Businesses that operate brick-and-mortar storefronts are likely well aware of Title III of the Americans with Disabilities Act and its prohibition of discrimination on the basis of disability in places of public accommodation. Most know that there are certain rules and regulations businesses must follow to make their physical locations accessible and avoid potential lawsuits. However, businesses may not know that ADA Title III liability risk does not just apply to physical locations—it extends to a company’s websites and mobile apps too.
Discrimination Claims Over Website Accessibility
ADA Title III states “no individual shall be discriminated against on the basis of disability in the full and equal enjoyment of the goods, services, facilities, privileges, advantages or accommodations of any place of public accommodation.” It details 12 types of locations that are considered applicable places of public accommodation. Because all 12 are physical places such as restaurants and retail stores, it may surprise some when they receive a demand letter or are served with a lawsuit related to the accessibility of their website or mobile app. However, that is happening to many business owners across the country with increasing frequency.
Federal courts have seen a wave of ADA Title III lawsuits over the past five years, with website accessibility claims posing some of the most dramatic growth. The increase in cases filed in the federal courts does not even demonstrate the true prevalence of these claims as most settle before suits are filed.
The typical progression of an ADA Title III website accessibility claim begins with a demand letter to a business. This demand letter is generally sent on behalf of an individual with a visual or hearing impairment or other disability who alleges they are unable to use the company’s website because it is incompatible with accessibility aids and therefore violates the law.
Many ADA Title III claims do not progress past this point because the business and the claimant reach a settlement outside of court. Settlements often involve the business offering to make certain changes to the website and to pay the claimant a sum of money in exchange for their agreement to not pursue their claims in court. If the parties are unable or unwilling to reach an agreement, however, the claimant may file suit.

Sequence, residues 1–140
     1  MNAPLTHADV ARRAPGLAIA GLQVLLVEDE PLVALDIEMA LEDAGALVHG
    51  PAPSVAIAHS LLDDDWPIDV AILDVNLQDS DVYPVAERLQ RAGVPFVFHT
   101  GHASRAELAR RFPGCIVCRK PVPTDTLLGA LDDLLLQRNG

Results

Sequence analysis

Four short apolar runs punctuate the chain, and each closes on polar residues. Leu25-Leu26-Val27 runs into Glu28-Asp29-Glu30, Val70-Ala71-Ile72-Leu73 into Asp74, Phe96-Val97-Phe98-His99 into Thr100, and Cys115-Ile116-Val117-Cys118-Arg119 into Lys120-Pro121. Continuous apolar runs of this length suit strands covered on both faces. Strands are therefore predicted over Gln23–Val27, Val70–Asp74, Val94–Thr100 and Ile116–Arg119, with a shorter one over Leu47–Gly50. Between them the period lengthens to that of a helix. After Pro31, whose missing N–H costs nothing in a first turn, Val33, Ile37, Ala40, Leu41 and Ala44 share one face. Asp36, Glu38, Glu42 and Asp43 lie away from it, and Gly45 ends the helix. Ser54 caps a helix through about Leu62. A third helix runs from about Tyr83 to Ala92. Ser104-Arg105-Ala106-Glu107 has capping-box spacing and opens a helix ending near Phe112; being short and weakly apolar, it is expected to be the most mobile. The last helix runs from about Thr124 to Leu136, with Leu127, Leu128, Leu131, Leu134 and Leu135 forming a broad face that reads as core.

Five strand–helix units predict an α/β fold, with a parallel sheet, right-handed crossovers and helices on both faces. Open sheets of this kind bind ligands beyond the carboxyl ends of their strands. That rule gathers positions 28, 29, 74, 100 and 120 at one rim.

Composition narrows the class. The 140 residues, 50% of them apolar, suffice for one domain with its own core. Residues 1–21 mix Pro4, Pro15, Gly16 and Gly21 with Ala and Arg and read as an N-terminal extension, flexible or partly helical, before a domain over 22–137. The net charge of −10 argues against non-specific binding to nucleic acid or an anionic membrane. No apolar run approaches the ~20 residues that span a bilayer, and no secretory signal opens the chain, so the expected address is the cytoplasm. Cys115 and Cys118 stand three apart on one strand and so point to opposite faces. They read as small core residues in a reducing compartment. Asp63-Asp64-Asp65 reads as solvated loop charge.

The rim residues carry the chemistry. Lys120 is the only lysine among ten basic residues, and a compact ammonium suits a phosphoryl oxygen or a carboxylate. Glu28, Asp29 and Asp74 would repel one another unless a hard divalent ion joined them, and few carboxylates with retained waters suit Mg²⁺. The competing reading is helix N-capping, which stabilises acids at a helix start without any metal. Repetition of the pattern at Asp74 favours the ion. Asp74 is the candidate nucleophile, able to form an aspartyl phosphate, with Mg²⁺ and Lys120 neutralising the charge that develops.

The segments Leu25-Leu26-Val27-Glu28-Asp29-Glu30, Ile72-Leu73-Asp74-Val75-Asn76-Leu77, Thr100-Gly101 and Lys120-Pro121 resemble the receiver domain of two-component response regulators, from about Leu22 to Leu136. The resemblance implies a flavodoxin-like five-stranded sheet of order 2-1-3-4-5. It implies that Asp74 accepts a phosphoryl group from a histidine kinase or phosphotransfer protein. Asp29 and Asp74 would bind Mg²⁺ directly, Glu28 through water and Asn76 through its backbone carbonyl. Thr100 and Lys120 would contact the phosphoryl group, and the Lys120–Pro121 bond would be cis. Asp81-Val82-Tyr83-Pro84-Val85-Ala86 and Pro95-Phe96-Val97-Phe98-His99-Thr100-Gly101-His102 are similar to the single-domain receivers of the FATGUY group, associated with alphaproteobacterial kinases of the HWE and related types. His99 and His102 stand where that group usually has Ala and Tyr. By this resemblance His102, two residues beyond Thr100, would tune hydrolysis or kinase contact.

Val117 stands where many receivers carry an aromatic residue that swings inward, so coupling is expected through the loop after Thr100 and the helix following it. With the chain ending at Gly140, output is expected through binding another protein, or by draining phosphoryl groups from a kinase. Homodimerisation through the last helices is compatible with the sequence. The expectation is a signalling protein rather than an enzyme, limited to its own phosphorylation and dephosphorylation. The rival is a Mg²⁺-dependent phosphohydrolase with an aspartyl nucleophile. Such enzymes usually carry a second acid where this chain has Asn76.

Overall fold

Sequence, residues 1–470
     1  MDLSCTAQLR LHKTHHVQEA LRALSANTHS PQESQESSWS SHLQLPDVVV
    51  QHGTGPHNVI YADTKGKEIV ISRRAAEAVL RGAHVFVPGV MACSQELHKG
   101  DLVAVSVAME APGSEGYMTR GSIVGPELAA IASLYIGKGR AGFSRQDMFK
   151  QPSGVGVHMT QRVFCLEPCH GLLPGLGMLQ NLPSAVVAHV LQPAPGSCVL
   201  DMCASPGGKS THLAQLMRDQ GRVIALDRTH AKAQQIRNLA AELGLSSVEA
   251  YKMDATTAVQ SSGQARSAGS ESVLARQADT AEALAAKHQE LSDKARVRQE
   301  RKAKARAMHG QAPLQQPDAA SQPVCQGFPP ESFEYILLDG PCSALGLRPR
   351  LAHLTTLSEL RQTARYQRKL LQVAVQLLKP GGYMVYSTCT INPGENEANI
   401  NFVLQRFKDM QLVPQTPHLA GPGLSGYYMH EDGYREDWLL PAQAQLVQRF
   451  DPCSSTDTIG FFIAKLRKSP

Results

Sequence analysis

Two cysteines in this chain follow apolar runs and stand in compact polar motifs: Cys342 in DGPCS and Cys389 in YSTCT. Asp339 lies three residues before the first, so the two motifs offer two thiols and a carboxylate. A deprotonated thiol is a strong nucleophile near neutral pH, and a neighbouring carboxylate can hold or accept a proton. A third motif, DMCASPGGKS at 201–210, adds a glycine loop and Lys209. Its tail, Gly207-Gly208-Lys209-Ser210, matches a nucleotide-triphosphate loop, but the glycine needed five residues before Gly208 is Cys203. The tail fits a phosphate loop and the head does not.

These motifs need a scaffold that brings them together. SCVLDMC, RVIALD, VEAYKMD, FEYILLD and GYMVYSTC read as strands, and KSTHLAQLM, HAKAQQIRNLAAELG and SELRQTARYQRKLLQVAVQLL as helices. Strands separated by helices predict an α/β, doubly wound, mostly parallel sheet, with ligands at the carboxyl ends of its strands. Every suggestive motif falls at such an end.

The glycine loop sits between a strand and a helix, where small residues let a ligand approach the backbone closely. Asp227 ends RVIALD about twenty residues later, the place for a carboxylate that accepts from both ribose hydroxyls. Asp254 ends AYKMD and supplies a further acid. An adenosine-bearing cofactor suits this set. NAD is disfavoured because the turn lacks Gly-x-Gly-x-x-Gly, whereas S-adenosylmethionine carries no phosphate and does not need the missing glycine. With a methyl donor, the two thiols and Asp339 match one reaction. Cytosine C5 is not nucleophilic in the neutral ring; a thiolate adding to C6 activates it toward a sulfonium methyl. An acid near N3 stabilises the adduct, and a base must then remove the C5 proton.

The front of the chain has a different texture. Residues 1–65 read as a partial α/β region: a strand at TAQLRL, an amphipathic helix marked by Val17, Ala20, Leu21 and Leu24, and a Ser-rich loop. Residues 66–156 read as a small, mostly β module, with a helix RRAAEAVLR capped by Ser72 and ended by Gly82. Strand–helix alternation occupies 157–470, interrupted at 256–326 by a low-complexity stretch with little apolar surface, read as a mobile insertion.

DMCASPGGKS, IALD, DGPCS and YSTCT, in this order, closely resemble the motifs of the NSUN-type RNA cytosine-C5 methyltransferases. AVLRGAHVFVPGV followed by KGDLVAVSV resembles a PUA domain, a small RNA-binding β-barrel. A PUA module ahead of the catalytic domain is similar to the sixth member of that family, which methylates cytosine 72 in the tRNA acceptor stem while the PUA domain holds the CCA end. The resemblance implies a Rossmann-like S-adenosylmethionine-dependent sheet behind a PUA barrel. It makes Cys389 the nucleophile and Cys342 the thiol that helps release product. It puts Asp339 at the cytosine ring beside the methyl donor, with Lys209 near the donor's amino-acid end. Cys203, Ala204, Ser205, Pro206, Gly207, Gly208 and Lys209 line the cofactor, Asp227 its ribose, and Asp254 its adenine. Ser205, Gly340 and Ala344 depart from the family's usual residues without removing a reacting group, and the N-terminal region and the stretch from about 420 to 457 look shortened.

Accessibility Lawsuits in the Courts
Among the website accessibility lawsuits that have gone to court there has been a circuit split on the question of whether websites are considered a place of public accommodation for purposes of ADA Title III. On one end is the Eleventh Circuit Court of Appeals, which recently held in Gil v. Winn-Dixie Stores, Inc. that websites are not places of public accommodation as contemplated by the ADA. The First Circuit falls at the opposite end of the spectrum. In National Association of the Deaf v. Netflix, the Massachusetts district court was one of the first courts to hold that Title III of the ADA applies to websites. Thus, a company’s level of risk may vary depending on its location and where the suit is filed.
Businesses located in the Eleventh Circuit and other similar circuits should not breathe a sigh of relief just yet. The fact that a business is physically located or headquartered in one state does not always prevent it from being taken to court in another. For example, consider a business that is physically located in Georgia but maintains a website that offers nationwide shipping. If a visually impaired individual in Massachusetts visits the site and is unable to make a purchase because it is incompatible with screen reader software, they may be permitted to file suit against the business in a Massachusetts district court. Thus, businesses may be forced to litigate in states where they have no physical presence but still face liability under local standards.
Steps to Mitigate Risk
Given the increasing prevalence of website accessibility lawsuits and the uncertainty of the law, businesses should take steps to avoid potential liability and litigation. To help mitigate the risk, businesses should:
1. Be proactive. The best way to avoid ADA Title III website accessibility liability is to be proactive and ensure that your website complies with applicable guidelines. While there are currently no governing laws or regulations concerning accessibility standards for websites, the Web Content Accessibility Guidelines (WCAG) are widely considered an acceptable standard. The WCAG outlines steps that websites can take to be perceivable, operable, understandable and robust so that individuals with disabilities can access and use a site. There are three levels of WCAG compliance: A, AA and AAA. Businesses may want to engage a consultant familiar with the WCAG guidelines to audit their website and ensure compliance.
2. Stay current. Even if your business designs a website that is fully compliant with applicable accessibility guidelines at the time the site is launched, it is important to continually monitor the website and regularly test accessibility. Most websites are frequently updated to include new content, promotions or products. It is important to ensure these changes do not inhibit accessibility and create new ADA Title III risk. In addition to monitoring website changes, businesses should also stay current on any legal developments concerning website accessibility or updated guidelines.
3. Know when to ask for help. Even businesses that strive to comply sometimes receive demand letters or face lawsuits claiming that their website or mobile app is not accessible. The law regarding ADA Title III website accessibility is continually evolving and remains uncertain. Therefore, it is important to seek out legal counsel with experience in this area for guidance on how to best respond.